“Ooooo! Trash!!” is commonly heard when traveling in the car with me. Brian teases me constantly about my trash-picking habits, but I’ve scored some incredible goodies over the years. #SorryI’mNotSorry (That’s a little Beyonce for you.)
According to him, I get incredibly excited at the mere prospect of trash no matter how disheartening an initial drive-by may be. It’s the potential that excites me.
Now to be clear, I am not talking about dumpster diving. I don’t open any trash can lids or anything. But if someone just cleaned out his attic or garage, the stuff is often in passable condition — just unwanted. Thus, it ends up curbside.
I’d been looking to buy some wood trellis for the chimney and garage as well as something to support the rose bush we inherited on the side of our house but have been dragging my feet because everything I like it so expensive. So I was thrilled to find a perfectly good, metal one just sitting next to someones garbage bin this morning on my way home from getting coffee.
Then, on my way home after a few hours of work at a local coffee shop, I detoured down a street I don’t usual travel on and scored 10 large tomato cages — something else I’ve had on my “To Buy” list for a while now —all in perfectly good condition.
I practically skipped back to my car after loading them into my trunk. Even Brian was impressed by the condition of them, which is a win. I’ve been known to drag home much worse. Usually furniture.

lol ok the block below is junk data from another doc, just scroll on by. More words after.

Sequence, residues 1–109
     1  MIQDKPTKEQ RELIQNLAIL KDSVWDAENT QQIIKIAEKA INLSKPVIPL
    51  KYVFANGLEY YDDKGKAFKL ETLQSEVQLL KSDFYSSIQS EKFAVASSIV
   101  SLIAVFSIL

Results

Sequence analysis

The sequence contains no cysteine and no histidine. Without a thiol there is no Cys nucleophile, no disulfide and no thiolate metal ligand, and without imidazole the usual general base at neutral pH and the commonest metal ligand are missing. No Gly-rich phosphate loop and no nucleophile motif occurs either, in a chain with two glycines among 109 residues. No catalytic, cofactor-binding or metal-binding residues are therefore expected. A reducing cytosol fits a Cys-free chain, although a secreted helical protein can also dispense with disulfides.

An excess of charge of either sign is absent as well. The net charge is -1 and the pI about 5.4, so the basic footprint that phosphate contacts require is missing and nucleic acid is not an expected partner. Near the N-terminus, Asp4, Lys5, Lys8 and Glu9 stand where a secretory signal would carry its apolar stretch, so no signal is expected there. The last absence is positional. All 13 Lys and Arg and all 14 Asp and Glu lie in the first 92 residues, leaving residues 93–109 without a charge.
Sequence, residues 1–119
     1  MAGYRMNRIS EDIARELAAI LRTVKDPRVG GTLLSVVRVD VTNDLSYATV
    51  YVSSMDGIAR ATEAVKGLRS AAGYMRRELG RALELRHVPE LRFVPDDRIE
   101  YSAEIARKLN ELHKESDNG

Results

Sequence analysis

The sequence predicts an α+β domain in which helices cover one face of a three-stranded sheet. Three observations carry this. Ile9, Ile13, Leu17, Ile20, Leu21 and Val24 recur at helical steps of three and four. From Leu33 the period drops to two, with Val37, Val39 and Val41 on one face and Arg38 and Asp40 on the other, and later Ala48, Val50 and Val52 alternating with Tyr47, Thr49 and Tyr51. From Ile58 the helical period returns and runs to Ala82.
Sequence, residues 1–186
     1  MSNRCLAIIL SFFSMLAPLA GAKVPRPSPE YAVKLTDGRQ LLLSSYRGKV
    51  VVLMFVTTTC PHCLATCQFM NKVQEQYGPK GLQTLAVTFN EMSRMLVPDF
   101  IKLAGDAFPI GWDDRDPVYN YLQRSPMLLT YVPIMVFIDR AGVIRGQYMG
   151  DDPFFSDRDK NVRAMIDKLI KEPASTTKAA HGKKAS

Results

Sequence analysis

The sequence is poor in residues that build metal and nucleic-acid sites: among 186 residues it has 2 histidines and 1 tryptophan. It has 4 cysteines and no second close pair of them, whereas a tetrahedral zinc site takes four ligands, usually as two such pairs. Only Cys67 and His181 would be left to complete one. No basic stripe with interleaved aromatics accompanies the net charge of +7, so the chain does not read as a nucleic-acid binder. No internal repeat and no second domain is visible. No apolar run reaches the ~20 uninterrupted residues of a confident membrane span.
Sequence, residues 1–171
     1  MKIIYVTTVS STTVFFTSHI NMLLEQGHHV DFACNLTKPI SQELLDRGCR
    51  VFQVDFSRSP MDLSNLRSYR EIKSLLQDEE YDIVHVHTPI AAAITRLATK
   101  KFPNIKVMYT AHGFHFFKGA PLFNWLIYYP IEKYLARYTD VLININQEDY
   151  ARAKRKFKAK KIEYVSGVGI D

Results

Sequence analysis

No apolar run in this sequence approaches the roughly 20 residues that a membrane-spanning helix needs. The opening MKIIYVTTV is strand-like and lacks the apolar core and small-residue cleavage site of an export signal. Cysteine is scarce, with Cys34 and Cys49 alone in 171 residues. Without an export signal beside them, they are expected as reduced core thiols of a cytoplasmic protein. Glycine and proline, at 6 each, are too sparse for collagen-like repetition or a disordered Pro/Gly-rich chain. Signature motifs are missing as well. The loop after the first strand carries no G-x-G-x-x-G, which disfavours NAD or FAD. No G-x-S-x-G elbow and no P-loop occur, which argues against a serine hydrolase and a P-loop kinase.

Asked about his thoughts on my trash picking habits, Brian admitted, “I was never open to it, but you opened my eyes. I still can’t believe someone just tossed those tomato cages in perfect condition!”
To be fair, not all of my finds end up working out. I have to check my project ambition regularly to be sure I’m not underestimating how salvageable a piece is or how much effort it will take to transform something to meet its full potential (think: chairs with sad upholstery or warped furniture requiring a lot of sanding and stain).
There’s also the recycler in me who absolutely hates to create any sort of waste. My mantra is that there is always a use for something or else: donate it. That’s kind of what trash picking is — unintended donation, right?
Either way, after a quick hose down, my new trellis is in place along a fence in the yard supporting some morning glories and the tomato cages have been delicately placed over my tomato plants with the rest stored for next year.
Yay trash! Yay free stuff! Yay for saving money!